Karachi airport: Islamic Movement of Uzbekistan claims attack
Uzbek militants fighting with the Pakistani Taliban say they carried out Sunday's deadly assault on Karachi's international airport.
The Islamic Movement of Uzbekistan posted photos of 10 men in black turbans holding AK-47s who had sought revenge for military air strikes.
At least 39 people were killed in the airport raid, including all 10 gunmen.
DNA tests are being conducted on the gunmen, who officials in Karachi said appeared to be of Uzbek origin.
The BBC's Shahzeb Jillani in Islamabad says the Islamic Movement of Uzbekistan (IMU) is a highly trained militant group, with bases in the North Waziristan tribal region.
It works closely with al-Qaeda and Taliban militants and has previously carried out large-scale co-ordinated attacks in Pakistan, including one on Peshawar airport in 2012.
In its statement the group said the Karachi raid was to avenge military air strikes in Pakistani tribal areas last month which it alleged had killed women and children.
Sunday's assault was followed by a second gun attack near the airport on Tuesday, raising tensions in Karachi further. Gunmen shot at a security camp outside the airport perimeter but there were no casualties.
The violence follows a major split in the Pakistani Taliban (TTP) and faltering peace talks between the militants and the government.
Islamic Movement of Uzbekistan
- Insurgent group set up to overthrow President Islam Karimov and establish Sharia law in secular Uzbekistan
- Uzbek militants fled their home country in the early 1990s after a government crackdown
- In 1999 the IMU set up several military camps in northern Afghanistan from where it launched incursions into southern Kyrgyzstan and Uzbekistan in 1999 and 2000
- When the US-led alliance invaded Afghanistan in 2001, the IMU announced its loyalty to the Taliban. After 2001 IMU fighters sought sanctuary in Pakistan's tribal areas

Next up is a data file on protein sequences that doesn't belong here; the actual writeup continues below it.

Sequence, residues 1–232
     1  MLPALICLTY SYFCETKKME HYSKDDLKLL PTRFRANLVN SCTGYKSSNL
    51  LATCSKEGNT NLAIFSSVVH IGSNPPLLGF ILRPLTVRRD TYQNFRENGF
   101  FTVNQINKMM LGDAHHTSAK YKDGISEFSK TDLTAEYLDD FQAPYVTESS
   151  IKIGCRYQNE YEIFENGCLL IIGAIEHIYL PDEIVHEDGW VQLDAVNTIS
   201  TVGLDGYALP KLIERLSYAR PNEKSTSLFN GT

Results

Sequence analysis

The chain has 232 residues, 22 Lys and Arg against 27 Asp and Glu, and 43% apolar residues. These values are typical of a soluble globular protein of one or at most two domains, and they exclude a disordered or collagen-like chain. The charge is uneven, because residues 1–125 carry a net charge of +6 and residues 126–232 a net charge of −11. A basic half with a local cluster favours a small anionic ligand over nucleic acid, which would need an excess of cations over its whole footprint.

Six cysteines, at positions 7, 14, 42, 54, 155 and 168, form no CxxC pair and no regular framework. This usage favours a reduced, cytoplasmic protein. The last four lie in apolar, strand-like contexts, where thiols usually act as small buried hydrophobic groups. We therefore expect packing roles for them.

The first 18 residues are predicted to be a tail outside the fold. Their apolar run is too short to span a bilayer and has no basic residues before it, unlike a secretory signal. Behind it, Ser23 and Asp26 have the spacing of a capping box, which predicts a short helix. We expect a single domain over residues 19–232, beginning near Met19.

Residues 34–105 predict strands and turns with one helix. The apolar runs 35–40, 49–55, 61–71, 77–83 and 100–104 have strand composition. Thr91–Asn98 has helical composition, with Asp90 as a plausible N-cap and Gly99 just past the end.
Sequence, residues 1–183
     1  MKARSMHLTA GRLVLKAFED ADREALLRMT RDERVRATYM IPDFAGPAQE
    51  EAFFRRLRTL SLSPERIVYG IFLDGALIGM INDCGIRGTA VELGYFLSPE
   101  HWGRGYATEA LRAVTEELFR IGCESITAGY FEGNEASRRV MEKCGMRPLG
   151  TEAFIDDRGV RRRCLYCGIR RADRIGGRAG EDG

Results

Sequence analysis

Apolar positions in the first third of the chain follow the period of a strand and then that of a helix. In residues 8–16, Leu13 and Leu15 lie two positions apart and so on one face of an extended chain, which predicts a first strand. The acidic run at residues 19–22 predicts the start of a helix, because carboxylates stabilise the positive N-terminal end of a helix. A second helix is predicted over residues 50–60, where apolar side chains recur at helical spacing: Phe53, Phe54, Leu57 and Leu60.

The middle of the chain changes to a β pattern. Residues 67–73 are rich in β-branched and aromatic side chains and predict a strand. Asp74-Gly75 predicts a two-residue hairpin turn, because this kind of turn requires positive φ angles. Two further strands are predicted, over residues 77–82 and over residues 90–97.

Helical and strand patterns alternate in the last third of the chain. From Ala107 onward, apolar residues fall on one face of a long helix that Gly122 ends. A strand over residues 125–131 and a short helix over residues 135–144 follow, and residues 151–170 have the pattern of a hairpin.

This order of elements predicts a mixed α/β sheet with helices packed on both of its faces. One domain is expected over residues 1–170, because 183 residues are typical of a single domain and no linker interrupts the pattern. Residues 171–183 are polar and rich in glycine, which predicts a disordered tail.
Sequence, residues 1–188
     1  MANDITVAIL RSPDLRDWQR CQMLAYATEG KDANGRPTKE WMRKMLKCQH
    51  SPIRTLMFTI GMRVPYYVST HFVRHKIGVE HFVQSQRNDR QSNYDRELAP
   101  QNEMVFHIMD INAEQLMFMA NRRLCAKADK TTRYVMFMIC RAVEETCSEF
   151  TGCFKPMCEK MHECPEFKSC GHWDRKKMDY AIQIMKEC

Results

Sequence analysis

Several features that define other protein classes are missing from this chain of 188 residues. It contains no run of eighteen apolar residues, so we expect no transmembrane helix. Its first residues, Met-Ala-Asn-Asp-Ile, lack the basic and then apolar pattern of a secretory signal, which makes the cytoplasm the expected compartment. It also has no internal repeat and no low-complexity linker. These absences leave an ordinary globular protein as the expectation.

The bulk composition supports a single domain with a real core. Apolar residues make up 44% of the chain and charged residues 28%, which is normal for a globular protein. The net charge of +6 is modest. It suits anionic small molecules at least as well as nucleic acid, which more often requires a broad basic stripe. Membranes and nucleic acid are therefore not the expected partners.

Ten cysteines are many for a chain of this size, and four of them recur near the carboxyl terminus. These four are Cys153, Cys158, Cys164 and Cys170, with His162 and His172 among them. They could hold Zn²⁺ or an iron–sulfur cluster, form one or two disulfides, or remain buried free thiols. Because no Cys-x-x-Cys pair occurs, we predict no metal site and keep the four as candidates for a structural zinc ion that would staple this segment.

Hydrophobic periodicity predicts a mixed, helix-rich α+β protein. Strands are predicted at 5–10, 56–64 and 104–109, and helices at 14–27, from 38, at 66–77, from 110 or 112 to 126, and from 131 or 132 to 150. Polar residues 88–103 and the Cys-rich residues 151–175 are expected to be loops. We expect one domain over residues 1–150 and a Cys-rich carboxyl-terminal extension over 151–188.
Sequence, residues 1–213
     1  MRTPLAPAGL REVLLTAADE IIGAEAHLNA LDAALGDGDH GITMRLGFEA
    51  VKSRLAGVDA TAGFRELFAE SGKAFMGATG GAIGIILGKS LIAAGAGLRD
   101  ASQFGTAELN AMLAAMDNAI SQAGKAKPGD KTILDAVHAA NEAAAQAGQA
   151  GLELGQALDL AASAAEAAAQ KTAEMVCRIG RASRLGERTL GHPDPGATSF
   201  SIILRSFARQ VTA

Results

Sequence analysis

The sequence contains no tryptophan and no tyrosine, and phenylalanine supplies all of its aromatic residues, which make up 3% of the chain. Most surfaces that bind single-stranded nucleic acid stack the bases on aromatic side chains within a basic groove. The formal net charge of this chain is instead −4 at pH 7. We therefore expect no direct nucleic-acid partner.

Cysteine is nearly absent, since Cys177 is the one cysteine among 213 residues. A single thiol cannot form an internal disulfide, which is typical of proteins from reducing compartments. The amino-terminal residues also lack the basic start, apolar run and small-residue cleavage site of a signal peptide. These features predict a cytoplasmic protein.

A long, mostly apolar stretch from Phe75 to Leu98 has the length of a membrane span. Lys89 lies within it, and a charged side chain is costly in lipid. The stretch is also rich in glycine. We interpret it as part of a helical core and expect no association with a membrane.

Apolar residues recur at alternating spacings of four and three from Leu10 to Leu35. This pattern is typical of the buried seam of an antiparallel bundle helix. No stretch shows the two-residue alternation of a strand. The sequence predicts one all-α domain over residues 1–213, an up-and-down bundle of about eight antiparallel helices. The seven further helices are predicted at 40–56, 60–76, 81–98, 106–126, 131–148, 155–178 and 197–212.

- Estimates of current numbers in Pakistan range from several hundred to about 2,000. Many fighters have married into the local community.
Pakistan's leaders met to discuss security on Tuesday. The military have been targeting militants in the tribal north-west but it is still not clear whether a broader military offensive in the Taliban stronghold of North Waziristan could be given the political go-ahead.
Local media said the meeting had authorised the army to carry out "appropriate action" against terrorist groups.
Prime Minister Nawaz Sharif had pledged peace talks with the TTP during his election campaign.
Talks began in March, but little progress was made and violence has continued.
Gunmen attacked an area of Karachi's Jinnah international airport late on Sunday, opening fire and hurling grenades.
Security forces gained control following an overnight battle, and the airport reopened late on Monday.
On Wednesday another body was recovered from the airport, bring the total number killed to 39, including the attackers. Officials said the dead man was an airport security force official.
The Taliban have declared in statements that the wave of attacks will continue.
Correspondents say residents in Karachi have been shocked by the brazenness of Sunday's airport attack.
Pakistan has been fighting an Islamist insurgency for more than a decade, with the Pakistani Taliban the main militant grouping.
Early on Tuesday the Pakistani military carried out air strikes in tribal areas in the north-west Khyber region, killing at least 15 militants, officials say.